Thursday, November 17, 2011

Look behind you, but not too far behind you!

Most alarming to learn that universities are discouraging the researching of events and the writing of books on the 17th and 18th Centuries; apparently the 20th Century will do!  How can we know who we are if we don't know where we've come from and why, why we think the way we do, or why we speak the way we do?  (If any of you attended the lecture by David McCullough at the Speakers Series at Symphony Hall this fall, you will have been reminded of the many ways in which the past impinges on our every day lives. )   Now who can suggest the reason(s) that universities may be taking this contemporary bent?


  1. When I saw the headline of this post, I thought MG was referring to the slip by Sistah Sarah at a restaurant today, witnessed by MG and many others - SS was saying her farewells and stepped backward to depart, without looking behind, and discovered a 6" difference in where she had been standing with MG and where her foot wound up - she had not noticed that they were on a raised platform, until that moment. Luckily no harm was done, but SS has since reflected that we are all only a moment from injury, or worse - and that the odds improve GREATLY if one looks behind! (not only the odds for good health, but also the odds for looking poised, elegant and graceful ... sigh)

  2. those two centuries witnessed the overwhelming of statist (centripetal)(to the center)forces by the the forces of individualism (centrifugal)(away from the center). this is the effect the Reformation had on the divine right of kingship philosophy and the Catholic Church, both of which had monopolized the political and religious philosophy of western civilization since Charlemagne. indeed,the divine right of kingship philosophy has characterized all political power centers as far back as we have historical records. deriving one's authority from divinity, or being a divinity, makes one's power unassailable, whether it was the egyptian pharoah, caesar augustus, or the leaders of the mayan,aztec, incan societies. it has always been a curiosity to me, a vivid disconnect, if you will,why the modern intellectual in the western world characteristically supports an ever growing statism which is really at war with the intellectual's freedom/individuality. the only explanation i have been able to muster is that the repudiation of christianity, with its ethical/moral imperatives were seen as more onerous than the yoke of the 'state'. thus, the modernist, at war with religion, i.e., the christian religion, really has done nothing more than to don one religion, the religion of the state, in the act of casting off another. in the 17th and 18th century we had the scientific and industrial revolutions,respectively, sparked by the outworking of the implications of the Protestant Reformation with its emphasis on pursuing the truth and the rights of the individual, at the expense of the authority of the state and its heavy handed attempts at controlling scientific and philosophical inquiry.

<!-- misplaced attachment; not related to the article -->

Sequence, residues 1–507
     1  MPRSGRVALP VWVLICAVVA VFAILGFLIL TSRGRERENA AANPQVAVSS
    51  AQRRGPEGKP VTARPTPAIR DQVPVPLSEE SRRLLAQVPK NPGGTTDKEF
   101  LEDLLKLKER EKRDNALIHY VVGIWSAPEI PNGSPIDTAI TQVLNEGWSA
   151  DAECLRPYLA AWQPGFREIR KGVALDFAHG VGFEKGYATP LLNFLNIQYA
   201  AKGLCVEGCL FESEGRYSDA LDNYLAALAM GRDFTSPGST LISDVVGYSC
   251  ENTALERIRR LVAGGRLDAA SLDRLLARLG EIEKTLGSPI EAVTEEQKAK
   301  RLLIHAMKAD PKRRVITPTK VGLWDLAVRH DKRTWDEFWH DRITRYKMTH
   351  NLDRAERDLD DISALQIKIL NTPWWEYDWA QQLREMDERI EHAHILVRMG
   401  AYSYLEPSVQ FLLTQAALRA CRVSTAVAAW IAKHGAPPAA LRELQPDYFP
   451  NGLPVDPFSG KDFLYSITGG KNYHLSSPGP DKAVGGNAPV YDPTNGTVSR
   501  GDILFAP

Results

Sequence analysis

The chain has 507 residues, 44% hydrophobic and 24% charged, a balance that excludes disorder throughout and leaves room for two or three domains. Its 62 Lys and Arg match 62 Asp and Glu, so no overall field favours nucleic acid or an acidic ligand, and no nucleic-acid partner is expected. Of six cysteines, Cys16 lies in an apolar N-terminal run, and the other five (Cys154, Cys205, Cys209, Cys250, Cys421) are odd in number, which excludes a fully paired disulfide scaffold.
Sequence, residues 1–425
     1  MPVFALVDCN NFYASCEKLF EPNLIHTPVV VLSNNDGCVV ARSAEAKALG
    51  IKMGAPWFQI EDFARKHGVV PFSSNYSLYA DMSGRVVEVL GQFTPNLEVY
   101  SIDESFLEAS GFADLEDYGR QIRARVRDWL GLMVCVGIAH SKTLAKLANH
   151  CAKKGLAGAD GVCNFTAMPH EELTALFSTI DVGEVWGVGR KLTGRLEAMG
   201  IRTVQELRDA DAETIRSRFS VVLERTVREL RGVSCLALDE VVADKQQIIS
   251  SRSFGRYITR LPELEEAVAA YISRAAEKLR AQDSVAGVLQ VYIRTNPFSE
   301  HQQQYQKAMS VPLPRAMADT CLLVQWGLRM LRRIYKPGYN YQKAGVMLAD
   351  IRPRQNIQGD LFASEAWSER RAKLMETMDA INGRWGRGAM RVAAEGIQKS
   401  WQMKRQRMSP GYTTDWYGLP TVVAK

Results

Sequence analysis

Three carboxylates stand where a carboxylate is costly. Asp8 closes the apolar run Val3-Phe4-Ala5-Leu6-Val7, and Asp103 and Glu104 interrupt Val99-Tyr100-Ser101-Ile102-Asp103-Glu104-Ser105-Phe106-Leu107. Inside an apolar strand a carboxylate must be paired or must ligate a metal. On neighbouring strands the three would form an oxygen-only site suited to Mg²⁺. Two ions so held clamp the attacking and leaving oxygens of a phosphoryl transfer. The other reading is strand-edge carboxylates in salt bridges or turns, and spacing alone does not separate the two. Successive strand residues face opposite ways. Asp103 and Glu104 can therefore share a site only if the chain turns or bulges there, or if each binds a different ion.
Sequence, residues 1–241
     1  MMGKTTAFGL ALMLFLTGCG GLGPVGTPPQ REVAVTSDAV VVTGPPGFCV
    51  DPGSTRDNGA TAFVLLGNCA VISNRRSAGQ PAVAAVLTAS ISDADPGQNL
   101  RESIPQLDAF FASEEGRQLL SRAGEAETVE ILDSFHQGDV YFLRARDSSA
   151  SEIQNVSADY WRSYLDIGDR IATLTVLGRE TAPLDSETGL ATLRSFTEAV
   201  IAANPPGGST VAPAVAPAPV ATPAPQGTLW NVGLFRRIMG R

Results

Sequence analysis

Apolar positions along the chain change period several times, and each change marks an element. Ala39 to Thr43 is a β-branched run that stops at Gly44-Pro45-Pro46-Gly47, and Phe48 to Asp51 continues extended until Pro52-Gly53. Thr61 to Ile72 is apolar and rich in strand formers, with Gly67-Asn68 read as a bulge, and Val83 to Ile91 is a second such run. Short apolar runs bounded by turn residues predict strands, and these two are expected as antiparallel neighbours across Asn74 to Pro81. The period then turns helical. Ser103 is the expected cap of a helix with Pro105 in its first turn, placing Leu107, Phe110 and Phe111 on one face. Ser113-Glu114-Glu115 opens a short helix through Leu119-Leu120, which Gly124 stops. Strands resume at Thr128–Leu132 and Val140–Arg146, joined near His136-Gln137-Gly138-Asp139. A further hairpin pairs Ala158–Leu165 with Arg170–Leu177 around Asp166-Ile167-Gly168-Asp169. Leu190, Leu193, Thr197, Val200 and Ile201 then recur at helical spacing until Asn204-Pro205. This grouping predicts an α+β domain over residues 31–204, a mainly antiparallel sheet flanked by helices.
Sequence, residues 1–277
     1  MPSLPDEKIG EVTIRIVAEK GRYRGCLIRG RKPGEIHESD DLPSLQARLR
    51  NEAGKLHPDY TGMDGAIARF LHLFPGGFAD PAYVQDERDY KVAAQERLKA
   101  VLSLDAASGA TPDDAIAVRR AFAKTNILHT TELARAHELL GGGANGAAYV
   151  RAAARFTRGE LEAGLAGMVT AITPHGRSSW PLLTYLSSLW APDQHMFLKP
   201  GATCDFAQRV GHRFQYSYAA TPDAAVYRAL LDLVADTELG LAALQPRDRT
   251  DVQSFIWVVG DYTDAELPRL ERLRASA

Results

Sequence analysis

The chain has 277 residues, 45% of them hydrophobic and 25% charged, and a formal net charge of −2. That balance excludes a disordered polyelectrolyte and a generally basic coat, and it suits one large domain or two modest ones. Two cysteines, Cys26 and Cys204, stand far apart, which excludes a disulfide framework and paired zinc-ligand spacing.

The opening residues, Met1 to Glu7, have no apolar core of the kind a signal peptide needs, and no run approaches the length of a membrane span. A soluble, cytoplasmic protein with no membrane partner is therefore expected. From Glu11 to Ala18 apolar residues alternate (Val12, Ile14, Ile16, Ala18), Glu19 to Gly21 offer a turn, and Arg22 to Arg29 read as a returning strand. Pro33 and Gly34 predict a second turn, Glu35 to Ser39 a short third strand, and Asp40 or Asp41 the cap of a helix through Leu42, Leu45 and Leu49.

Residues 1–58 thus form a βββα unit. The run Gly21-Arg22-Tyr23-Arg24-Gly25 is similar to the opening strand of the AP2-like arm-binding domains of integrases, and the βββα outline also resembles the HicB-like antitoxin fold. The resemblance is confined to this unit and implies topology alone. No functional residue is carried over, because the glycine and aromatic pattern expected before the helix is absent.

Darwin provided intellectual cover for those elites chafing under the strictures of the ethical/moral imperative of the Protestant Reformation, a religious tide that had reached its zenith the century before and had been receding in the face of the rise of the true counter-reformation, i.e., 'the enlightenment', a solipsism whose bit pulled one away from any and all restrictions on man's power, and which birthed a new religion to substantiate itself, deism in the continent and its american variant, unitarianism. in both, we observe a fervor for a creator who creates but then removes himself from his creation, thus, no Christ, and no redemptive forces that have to be confronted, leaving the world open to those who can fashion it on their own terms. this was a marvelous and perfect substratum for the 19th century muscling of man's power over nature in the industrial revolution,and the restoration of the deity of man over all contending forces, including the Messianic force of Christianity. The capstone of this dynamic was Nietsche, whose description of 'superman', was the basis of the horrors of 20th century warfare, and those fabulous fabians (socialism)in england whose avowed purpose was to restore 'man' to his rightful place as God in politics and society. once religion rooted in the power of man, rather than a loving God is established, it seeks to root out all memory of the former religion's liberating force. thus, we have the attack on the study of the 17th and 18th century intellectual and political and social thought. broad generalities, granted, but time was against a tome.

  3. @Sistah Sarah Answering Sistah Sarah -- We've been trained to watch where we step, our assumption being that we're moving forward, not backward! Your balance, Sistah Sarah, is to be admired!